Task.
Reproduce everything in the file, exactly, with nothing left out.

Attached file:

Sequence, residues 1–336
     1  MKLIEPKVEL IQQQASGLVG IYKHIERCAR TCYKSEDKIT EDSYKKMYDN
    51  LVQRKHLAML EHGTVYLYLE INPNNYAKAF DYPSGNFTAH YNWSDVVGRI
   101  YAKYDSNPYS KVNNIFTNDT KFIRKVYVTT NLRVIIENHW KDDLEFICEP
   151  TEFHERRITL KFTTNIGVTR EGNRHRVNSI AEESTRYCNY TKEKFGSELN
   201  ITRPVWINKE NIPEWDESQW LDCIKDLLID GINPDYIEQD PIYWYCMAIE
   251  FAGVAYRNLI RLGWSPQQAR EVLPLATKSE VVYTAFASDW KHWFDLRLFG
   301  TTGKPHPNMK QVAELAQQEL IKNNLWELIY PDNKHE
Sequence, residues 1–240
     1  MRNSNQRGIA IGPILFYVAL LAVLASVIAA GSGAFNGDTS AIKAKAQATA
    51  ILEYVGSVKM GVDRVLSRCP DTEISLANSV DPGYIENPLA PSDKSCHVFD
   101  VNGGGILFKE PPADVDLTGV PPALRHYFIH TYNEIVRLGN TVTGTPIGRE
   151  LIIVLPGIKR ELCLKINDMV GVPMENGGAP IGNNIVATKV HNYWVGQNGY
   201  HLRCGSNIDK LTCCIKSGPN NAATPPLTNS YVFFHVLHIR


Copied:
Sequence, residues 1–336
     1  MKLIEPKVEL IQQQASGLVG IYKHIERCAR TCYKSEDKIT EDSYKKMYDN
    51  LVQRKHLAML EHGTVYLYLE INPNNYAKAF DYPSGNFTAH YNWSDVVGRI
   101  YAKYDSNPYS KVNNIFTNDT KFIRKVYVTT NLRVIIENHW KDDLEFICEP
   151  TEFHERRITL KFTTNIGVTR EGNRHRVNSI AEESTRYCNY TKEKFGSELN
   201  ITRPVWINKE NIPEWDESQW LDCIKDLLID GINPDYIEQD PIYWYCMAIE
   251  FAGVAYRNLI RLGWSPQQAR EVLPLATKSE VVYTAFASDW KHWFDLRLFG
   301  TTGKPHPNMK QVAELAQQEL IKNNLWELIY PDNKHE
Sequence, residues 1–240
     1  MRNSNQRGIA IGPILFYVAL LAVLASVIAA GSGAFNGDTS AIKAKAQATA
    51  ILEYVGSVKM GVDRVLSRCP DTEISLANSV DPGYIENPLA PSDKSCHVFD
   101  VNGGGILFKE PPADVDLTGV PPALRHYFIH TYNEIVRLGN TVTGTPIGRE
   151  LIIVLPGIKR ELCLKINDMV GVPMENGGAP IGNNIVATKV HNYWVGQNGY
   201  HLRCGSNIDK LTCCIKSGPN NAATPPLTNS YVFFHVLHIR